The Federal Communications Commission voted on Thursday to
Here’s what you need to know about reversal of the Net Neutrality rules.
Net Neutrality was a law that imposed Internet restrictions on broadband providers like Comcast and Verizon to prevent them from dividing their networks into fast lanes and slow lanes, throttle rivals’ video-streaming speeds, block content and charge websites simply to reach their customers. Net neutrality is a set of rules designed to make Internet service providers treat all web traffic the same, no matter the source. Its defenders say these regulations are at the heart of the idea that the Internet should be an open space where information travels freely without interference by broadband providers.
Under net neutrality, Internet service providers have been more like passive conduits of data than content managers. When a customer pays Comcast or Verizon for Internet service, they’ve come to expect to connect with equal access to every legal website, whether big or small.
If a broadband provider interferes — either by slowing or blocking access to certain websites, discriminating against content or charging companies fees to deliver data at faster rates — net neutrality has authorized the FCC to issue fines.
In sum, net neutrality has stood for the principle, backed by sanctions, that all Internet content should be treated equally by the companies we pay to get online.
The FCC’s vote reverts broadband back to its previous status as an “information service,” and effectively removes the FCC’s power to create or enforce net neutrality protections. By reversing the Net Neutrality law broadband service providers could increase their bottom line. Looser regulations free up broadband providers to engage in the kind of financial arrangements that are now prohibited.
With net neutrality gone, Internet service providers can offer a website faster and more reliable delivery of its content in exchange for a fee. A broadband provider can also raise the transmission speed of its own content relative to that of its competitors. Broadband providers will also be free to block sites they find objectionable, which could open them up to political and public pressure.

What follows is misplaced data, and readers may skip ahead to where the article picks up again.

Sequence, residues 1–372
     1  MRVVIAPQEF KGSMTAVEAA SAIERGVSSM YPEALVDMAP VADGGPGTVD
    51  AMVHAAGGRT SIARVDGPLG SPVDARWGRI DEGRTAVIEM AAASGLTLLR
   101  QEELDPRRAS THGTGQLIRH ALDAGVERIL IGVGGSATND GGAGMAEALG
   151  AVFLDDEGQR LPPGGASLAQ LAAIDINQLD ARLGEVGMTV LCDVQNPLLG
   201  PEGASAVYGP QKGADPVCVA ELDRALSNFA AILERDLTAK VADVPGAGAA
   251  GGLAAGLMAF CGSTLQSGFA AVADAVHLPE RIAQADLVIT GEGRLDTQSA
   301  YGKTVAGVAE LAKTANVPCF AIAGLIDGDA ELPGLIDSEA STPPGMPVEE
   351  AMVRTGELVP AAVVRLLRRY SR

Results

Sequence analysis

Repeal advocates have long argued that higher profits will lead broadband providers to invest more in infrastructure, which could make high-speed Internet more widely available in underserved places, like rural America (though some experts say net neutrality’s effects on infrastructure investment is an open question).
Repeal has been favored by telecom giants like AT&T and Verizon, who favor less government regulation.
Net neutrality proponents say undoing the rules gives an unfair advantage to big corporations that can afford priority access, while squeezing out startups and smaller websites. They argue this could hurt innovation; companies like Etsy and Pinterest may never have become the household names they are today without a free and open Internet.
Even tech giants like Facebook and Google have spoken out against repeal, saying it would allow broadband providers to manipulate access as a way to play favorites.
Major telecommunications companies have promised that customers’ experiences would not be different without these regulations, though only time will tell how the Internet might change if the regulatory dismantling goes forward.
The truth is that MOST Republicans and MOST Democrats are opposed to repeal of net neutrality. So this is not really a political issue, but a technology issue. Most Republicans and Most Democrats use the internet and don’t want their use to change. However it is unclear if the repeal of Net Neutrality will actually change anything. There are several internet service providers. The real fear is that if there were only one large company who provided internet, that company could dominate the industry and charge whatever they chose for the services. Because there are several providers it is not likely that any one company could dominate the market. Moreover, we already have antitrust laws that would apply and protect consumers from one mega-company from dominating the market.
As America tries to compete in the global market, it seems that deregulation is essential to maintaining equal footing with companies that are not based in the United States. If an internet provider in China or India is not required to abide by the net-neutrality laws, we can be assured that eventually they will overtake the American company. By creating too many regulations for American
companies, we may inadvertently create opportunities for foreign companies to put American companies out of business.